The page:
Syrian intervention

Stockpile/disposal site locations for the Unit...

Stockpile/disposal site locations for the Unites States’ chemical weapons and the sites operating status as of August 28, 2008. (Photo credit: Wikipedia)

Well, following what has been described as a ‘humiliating’ defeat for Cameron over his proposal to use military intervention against the Syrian administration due to their use of chemical weapons, should we perhaps take this opportunity to review the morals/ethics associated with such actions.

For a moment, if we can ignore the ‘right’ or ‘wrong’ position on the use of chemical weapons under any circumstances and maybe just concentrate on the proposals for intervention by such states as UK, USA and France, I sometimes have difficulty in understanding why there is a belief that these states have the right or ‘obligation’ as they sometimes put it to intervene at all.

While the use of such weapons under any circumstances is abhorrent to me, do the UK, USA, France etc etc etc have any right to intervene in any way, let alone in a military manner that by definition, will cause more death and suffering, albeit in a more selective and ‘honourable’ way?

Do these other states have the moral high ground in these situations bearing in mind their own aggressive, colonial pasts?

The UN is purported to be the supreme arbitor in these matters, yet is again shown to be toothless and influenced, if not dependent upon, the internal and opposing political stances of the members to each other, largely ignoring the actual issue in question.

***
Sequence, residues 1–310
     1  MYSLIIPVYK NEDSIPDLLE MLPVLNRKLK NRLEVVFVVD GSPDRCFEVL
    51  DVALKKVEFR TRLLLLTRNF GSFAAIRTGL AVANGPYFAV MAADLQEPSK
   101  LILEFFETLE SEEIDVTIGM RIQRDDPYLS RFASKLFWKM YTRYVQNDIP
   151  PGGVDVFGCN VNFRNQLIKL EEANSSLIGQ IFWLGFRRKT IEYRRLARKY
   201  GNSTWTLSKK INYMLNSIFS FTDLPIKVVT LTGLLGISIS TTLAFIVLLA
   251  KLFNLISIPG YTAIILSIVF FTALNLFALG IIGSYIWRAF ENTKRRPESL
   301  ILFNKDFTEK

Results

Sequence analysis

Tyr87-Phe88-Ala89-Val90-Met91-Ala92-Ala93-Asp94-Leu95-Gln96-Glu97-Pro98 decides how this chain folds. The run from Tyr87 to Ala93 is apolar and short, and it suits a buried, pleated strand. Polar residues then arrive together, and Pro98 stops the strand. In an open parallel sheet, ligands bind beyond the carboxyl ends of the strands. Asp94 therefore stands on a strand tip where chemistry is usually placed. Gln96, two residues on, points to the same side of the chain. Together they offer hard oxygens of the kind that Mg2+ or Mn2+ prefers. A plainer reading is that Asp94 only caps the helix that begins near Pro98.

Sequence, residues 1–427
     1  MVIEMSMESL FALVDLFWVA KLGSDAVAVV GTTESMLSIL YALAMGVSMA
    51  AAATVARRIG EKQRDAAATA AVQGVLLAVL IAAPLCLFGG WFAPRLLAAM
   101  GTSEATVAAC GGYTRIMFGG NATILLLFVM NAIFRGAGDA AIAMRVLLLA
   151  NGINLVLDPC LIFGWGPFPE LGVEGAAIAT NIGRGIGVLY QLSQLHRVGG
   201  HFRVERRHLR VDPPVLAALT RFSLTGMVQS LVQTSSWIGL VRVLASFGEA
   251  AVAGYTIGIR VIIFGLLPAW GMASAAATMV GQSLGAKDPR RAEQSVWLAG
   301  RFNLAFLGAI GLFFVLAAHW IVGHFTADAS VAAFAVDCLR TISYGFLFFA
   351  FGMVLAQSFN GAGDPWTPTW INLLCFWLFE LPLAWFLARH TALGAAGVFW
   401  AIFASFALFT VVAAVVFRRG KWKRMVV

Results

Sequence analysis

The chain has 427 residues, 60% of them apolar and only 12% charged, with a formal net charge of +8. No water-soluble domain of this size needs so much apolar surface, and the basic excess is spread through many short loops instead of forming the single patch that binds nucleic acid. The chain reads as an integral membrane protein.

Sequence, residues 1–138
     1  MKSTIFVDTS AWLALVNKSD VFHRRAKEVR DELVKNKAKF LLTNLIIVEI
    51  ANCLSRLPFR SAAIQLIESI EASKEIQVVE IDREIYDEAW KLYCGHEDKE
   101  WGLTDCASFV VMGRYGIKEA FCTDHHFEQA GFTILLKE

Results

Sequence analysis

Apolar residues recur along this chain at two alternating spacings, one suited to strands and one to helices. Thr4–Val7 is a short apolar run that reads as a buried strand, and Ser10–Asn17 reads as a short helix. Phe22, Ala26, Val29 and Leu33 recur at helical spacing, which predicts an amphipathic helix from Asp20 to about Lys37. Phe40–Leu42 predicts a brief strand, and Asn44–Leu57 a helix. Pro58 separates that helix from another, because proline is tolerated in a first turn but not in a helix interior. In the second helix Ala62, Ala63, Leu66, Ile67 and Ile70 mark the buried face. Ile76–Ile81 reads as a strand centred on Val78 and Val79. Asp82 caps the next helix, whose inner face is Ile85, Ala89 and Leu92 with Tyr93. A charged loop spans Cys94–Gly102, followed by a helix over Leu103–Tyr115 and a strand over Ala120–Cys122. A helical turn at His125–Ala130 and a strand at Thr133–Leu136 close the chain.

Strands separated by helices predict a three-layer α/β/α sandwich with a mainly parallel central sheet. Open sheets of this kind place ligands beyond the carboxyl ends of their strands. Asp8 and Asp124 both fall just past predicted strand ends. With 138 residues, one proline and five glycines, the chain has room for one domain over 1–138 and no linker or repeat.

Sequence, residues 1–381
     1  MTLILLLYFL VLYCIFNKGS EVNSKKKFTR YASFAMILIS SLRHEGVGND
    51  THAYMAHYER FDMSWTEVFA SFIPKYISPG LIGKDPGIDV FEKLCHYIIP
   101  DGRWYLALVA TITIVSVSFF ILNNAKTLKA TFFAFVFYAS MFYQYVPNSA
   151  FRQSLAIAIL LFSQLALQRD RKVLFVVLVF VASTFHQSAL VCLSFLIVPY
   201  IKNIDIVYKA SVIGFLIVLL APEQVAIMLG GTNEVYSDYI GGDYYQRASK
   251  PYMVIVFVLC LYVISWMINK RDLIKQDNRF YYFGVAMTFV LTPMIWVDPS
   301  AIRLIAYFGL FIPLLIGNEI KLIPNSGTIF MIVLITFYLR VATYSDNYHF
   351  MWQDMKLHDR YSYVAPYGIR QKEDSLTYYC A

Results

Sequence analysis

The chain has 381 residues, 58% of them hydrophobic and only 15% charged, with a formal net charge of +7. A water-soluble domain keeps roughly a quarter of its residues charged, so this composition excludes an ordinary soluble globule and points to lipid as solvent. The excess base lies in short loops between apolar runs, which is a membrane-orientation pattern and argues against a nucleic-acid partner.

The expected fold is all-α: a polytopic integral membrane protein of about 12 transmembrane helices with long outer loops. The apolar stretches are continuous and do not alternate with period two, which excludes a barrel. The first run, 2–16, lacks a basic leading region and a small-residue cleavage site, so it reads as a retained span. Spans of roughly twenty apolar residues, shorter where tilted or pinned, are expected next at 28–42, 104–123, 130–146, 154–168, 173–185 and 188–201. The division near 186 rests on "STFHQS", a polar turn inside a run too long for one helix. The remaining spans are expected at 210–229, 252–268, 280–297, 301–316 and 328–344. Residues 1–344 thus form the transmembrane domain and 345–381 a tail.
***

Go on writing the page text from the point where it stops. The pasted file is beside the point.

Before any voting had taken place I could easily have predicted that Russia and China would support the Assad regime and UK/USA would support the ‘rebels’. Or is UK supporting the USA and Russia and China simply taking an eternal opposition to UK/USA position, forgetting any analysis of the Syrian conflict in the meantime.

English: Geometric data representation.

English: Geometric data representation. (Photo credit: Wikipedia)

On a smaller scale, could the same be said about Labour’s opposition to the Tory position in the UK?

Morally we have a right or even a requirement to be outraged that such horrendous weapons can be unleashed upon the citizens of a country by that country’s ruling cadre.

Ethically I have difficulty condoning slaughter of any kind as a response to slaughter, particularly by countries with no real legal right to do so.

A difficult one that I’m sure we’ll hear more of in the coming days/weeks.

SBK-The Sophist

The ‘Rules’ of Immigration/Emigration

Further to my views on the dynamics and practicalities of modern demographic deployment – Are there a set of ‘Rules’ for immigration and or emigration that could satisfy the criteria of both the home nation of the emigree AND the proposed new host nation?

(I am, at least on this occasion ignoring political asylum issues and looking at relocation by choice).

Currently, there probably isn’t – at least not to the satisfaction of all involved.

There are elements of propriety and reasonableness, surely, in the USA/Australian/New Zealand model, where potential immigrants are required to swear allegiance to their adopted country and its society. If you are unable to do so, then are you really suited to becoming a citizen or even resident of that country?